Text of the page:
I’ll never forget the time I was at my grandmother’s house and something happened that had me sobbing with hurt. I don’t remember what it was specifically, perhaps something I’d been told I couldn’t do or been left out of, and I couldn’t stop crying. And my grandmother, bless her heart, asked, “Would you like a piece of cake to make you feel better?”
I stopped crying and picked up my head to look at her and see if she was serious. Even I knew cake was not going to fix what was wrong. When I determined she was dead serious, I put my head back down and resumed sobbing.
Last year I was trying to figure out how to handle meals and writing at the same time. Frozen meals like Lean Cuisine and Healthy Choice aren’t totally satisfying and tend to be heavy on pepper to make up for the fat and sugar that’s not in them. And, over the years, more and more of them have replaced vegetables with starch-heavy selections like pizza and pasta dishes.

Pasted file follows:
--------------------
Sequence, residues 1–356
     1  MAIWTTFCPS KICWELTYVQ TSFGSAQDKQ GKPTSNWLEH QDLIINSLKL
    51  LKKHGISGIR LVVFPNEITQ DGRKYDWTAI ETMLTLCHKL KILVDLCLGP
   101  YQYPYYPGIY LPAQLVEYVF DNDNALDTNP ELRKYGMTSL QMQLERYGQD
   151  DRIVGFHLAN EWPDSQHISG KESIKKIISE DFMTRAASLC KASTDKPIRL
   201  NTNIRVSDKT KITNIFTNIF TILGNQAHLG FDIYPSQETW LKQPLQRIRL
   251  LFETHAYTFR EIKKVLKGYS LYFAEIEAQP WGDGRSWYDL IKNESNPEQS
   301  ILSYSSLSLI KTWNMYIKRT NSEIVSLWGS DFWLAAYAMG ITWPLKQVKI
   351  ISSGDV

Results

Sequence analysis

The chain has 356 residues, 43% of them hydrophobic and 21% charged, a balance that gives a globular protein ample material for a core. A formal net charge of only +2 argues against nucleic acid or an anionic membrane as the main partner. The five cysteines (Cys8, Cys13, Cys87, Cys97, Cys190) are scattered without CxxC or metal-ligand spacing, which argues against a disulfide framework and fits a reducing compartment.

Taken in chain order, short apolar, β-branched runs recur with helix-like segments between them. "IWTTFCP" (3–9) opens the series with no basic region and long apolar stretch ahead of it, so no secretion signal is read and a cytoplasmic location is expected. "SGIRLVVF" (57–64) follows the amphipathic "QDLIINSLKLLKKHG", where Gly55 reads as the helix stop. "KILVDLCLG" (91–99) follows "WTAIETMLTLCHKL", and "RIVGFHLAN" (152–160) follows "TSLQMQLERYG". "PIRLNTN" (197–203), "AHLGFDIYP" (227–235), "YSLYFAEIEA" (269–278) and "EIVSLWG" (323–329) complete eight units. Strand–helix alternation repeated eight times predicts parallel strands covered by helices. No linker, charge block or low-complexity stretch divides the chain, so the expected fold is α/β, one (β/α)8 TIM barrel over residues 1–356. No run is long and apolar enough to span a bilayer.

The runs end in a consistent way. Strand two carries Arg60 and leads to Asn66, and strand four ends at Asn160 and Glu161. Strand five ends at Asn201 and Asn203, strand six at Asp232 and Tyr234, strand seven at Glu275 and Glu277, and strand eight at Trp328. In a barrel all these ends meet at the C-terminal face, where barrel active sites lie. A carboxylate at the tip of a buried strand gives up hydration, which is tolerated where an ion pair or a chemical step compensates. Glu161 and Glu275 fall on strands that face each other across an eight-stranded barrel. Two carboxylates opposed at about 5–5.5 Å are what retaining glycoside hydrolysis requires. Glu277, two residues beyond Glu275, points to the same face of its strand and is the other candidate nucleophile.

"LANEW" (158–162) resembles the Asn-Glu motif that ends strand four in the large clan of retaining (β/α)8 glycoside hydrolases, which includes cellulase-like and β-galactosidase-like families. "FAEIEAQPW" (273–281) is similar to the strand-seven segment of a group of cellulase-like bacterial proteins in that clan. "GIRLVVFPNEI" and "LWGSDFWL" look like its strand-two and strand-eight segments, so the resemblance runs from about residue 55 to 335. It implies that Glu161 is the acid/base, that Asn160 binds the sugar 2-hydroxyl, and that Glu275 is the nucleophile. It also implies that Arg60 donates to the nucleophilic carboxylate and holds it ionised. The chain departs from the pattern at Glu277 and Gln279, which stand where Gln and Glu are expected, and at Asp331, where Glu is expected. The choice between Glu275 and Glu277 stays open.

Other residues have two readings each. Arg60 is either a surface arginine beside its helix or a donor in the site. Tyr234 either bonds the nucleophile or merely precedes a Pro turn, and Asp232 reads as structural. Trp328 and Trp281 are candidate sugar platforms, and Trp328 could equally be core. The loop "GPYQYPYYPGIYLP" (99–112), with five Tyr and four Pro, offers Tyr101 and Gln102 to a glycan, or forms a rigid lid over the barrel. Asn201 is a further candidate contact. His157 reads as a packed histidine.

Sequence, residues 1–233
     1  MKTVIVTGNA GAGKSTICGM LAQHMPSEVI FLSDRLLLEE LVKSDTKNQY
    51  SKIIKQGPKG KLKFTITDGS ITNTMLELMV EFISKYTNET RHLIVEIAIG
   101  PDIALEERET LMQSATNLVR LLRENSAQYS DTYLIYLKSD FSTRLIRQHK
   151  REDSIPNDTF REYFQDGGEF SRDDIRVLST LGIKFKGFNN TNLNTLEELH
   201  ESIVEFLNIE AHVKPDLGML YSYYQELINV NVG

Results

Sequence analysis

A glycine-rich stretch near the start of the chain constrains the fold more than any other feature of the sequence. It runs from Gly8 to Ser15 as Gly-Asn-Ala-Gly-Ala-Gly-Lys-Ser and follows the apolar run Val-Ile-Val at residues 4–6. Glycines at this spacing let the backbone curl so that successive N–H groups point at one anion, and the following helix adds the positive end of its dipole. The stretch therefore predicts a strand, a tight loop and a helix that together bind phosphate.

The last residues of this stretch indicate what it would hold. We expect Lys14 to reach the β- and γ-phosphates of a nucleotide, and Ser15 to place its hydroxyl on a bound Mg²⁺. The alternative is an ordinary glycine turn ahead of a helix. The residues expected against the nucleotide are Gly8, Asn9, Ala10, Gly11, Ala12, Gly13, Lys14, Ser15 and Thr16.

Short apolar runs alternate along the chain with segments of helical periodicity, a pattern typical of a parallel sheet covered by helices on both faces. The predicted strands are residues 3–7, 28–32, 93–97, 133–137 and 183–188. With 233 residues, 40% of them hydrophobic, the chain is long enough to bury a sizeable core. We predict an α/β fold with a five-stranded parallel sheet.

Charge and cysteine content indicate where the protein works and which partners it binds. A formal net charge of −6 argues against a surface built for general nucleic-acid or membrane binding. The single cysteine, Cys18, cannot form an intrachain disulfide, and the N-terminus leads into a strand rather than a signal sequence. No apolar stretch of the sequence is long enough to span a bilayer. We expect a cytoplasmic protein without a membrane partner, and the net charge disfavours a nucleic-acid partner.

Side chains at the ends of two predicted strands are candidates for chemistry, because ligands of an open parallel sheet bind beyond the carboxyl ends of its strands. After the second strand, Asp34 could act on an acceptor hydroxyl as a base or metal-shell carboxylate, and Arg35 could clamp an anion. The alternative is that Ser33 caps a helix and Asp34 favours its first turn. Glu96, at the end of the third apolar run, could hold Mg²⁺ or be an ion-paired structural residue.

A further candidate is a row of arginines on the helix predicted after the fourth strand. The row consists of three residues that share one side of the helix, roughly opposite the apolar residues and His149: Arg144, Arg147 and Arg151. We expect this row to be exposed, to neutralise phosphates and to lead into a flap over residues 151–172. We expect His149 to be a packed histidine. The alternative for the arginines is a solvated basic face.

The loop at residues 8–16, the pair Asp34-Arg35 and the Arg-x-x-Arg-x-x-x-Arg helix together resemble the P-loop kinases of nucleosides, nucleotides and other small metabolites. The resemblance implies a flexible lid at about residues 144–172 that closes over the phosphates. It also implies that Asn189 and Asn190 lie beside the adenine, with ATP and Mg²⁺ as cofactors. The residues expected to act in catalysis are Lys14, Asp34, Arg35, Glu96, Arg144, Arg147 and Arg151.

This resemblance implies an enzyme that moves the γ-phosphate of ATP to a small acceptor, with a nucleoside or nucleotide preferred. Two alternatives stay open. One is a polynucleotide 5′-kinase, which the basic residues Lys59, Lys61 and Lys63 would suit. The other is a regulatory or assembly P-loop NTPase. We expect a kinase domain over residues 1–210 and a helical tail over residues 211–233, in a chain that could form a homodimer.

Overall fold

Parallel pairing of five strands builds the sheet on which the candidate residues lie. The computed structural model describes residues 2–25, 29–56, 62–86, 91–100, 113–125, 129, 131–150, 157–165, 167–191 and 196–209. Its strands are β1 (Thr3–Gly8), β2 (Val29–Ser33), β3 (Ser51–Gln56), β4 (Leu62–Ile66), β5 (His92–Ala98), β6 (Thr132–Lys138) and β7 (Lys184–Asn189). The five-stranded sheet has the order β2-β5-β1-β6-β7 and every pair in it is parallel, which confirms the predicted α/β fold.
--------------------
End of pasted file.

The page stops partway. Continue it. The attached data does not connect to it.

It’s not much fun to cook for one person. For one thing, most recipes are for four or six or eight people. If I make them, I’m eating the same thing every day of the week. There’s also the prep time. It’s always seemed stupid to spend an hour making something that takes me fifteen minutes to eat, especially when I was trying to spend more time writing and would often forget about eating until I was starving.